North Korea says it has identified the source of its COVID-19 outbreak – citizens touching “extraterrestrial things” near the border with South Korea.

State media KCNA reported: “An 18-year-old soldier surnamed Kim and a five-year-old child surnamed Wi were known to have come into contact with extraterrestrial objects in a hillside around the barracks and residential areas of Ipho. -ri at the beginning of April.”

The pair had shown symptoms and later tested positive for coronavirus.

Ipho-ri is on the east coast near the border with South Korea.

“The survey results showed that several people coming from the Ipho-ri area in Kumgang County of Kangwon Province to the capital in mid-April had a fever, and a sharp increase in cases fever was observed among their contacts,” KCNA added. .

The North Koreans were warned to “deal vigilantly with extraterrestrials from wind and other weather phenomena and balloons in areas along the demarcation line and borders.”

North Korean defectors and South Korean activists used to fly balloons across the heavily guarded border carrying leaflets and humanitarian aid.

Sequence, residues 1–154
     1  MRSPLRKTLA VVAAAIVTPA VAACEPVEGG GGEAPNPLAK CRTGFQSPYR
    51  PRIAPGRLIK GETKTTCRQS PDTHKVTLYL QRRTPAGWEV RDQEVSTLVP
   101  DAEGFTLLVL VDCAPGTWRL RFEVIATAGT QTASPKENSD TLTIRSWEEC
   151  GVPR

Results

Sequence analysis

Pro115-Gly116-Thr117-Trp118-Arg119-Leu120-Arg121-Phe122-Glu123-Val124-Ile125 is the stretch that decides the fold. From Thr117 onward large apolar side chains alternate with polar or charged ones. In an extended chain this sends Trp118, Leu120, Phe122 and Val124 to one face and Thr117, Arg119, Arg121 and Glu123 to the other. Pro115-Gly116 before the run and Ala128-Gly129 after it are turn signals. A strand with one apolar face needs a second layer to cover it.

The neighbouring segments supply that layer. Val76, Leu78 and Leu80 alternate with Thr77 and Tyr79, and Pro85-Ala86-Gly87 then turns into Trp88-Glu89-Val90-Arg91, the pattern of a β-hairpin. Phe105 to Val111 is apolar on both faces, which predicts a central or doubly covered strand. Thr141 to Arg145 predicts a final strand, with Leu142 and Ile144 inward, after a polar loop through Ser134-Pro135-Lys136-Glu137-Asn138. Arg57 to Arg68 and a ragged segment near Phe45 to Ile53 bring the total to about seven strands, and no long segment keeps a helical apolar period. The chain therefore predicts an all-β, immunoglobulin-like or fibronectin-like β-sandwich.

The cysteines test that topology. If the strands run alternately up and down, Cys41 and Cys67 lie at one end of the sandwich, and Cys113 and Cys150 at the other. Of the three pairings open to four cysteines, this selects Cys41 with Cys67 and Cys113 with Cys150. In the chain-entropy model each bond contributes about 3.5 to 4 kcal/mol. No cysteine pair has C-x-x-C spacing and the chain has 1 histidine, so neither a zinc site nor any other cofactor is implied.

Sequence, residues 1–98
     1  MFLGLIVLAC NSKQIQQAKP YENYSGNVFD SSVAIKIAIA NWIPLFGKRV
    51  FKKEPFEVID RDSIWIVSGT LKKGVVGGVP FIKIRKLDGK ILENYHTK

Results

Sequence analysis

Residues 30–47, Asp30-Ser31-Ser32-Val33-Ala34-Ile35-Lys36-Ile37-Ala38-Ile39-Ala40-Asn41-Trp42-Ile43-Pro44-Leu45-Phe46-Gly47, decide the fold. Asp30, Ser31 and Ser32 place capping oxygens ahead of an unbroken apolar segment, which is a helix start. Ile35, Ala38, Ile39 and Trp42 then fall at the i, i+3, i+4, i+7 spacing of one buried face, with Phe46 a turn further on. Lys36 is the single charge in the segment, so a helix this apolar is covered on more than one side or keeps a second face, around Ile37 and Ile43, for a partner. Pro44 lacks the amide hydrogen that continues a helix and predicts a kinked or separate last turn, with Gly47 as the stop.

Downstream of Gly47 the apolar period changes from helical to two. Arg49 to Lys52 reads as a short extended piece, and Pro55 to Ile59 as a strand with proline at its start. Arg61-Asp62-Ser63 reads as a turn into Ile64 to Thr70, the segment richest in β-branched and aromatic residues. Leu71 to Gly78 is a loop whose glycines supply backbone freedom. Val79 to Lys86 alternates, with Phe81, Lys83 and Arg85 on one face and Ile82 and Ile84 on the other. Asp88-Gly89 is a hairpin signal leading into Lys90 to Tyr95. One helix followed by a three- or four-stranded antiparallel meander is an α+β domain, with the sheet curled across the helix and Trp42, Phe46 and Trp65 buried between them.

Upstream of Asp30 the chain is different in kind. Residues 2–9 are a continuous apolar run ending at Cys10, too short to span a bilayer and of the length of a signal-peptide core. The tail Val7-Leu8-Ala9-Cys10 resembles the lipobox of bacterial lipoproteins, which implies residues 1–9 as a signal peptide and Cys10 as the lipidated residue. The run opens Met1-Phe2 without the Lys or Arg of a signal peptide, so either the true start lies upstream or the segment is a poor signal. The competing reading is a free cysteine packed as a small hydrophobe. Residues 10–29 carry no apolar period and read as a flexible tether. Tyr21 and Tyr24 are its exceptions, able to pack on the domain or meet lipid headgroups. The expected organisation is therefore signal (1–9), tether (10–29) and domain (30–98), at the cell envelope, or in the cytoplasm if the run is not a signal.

Image:
Photo: Kyodo

But that was stopped by the South Korean government in 2020, citing security concerns, although critics said the move was aimed at improving relations with North Korean authorities.

Meanwhile, North Korea claims its COVID outbreak is waning, but it’s hard to gauge that claim.

A reported shortage of COVID tests means North Korean health authorities are only reporting the number of people with fever symptoms, rather than confirming they have COVID.

On Friday, the country said there were 4,570 more people with fever, with 4.74 million fever patients registered since the end of April.

The country first confirmed its outbreak in May, sparking international concern over the vulnerability of an unvaccinated population grappling with massive food shortages.

Read more:
COVID infections rise in 110 countries as WHO director-general warns pandemic is far from over

A number of countries have offered aid, including vaccines and medical supplies, but an offer from the United States sparked an angry response from North Korea’s Foreign Ministry on Thursday.

The ministry said the United States was offering aid only to silence critics of its hostile policy toward North Korea.

According to North Korea, this hostility translates into military exercises and longstanding sanctions aimed at forcing Kim Jong-Un to cut its nuclear program.

North Korea’s foreign ministry said the United States had failed to manage its own COVID-19 crisis and should drop its “senseless” offer of aid and focus on its own issues.

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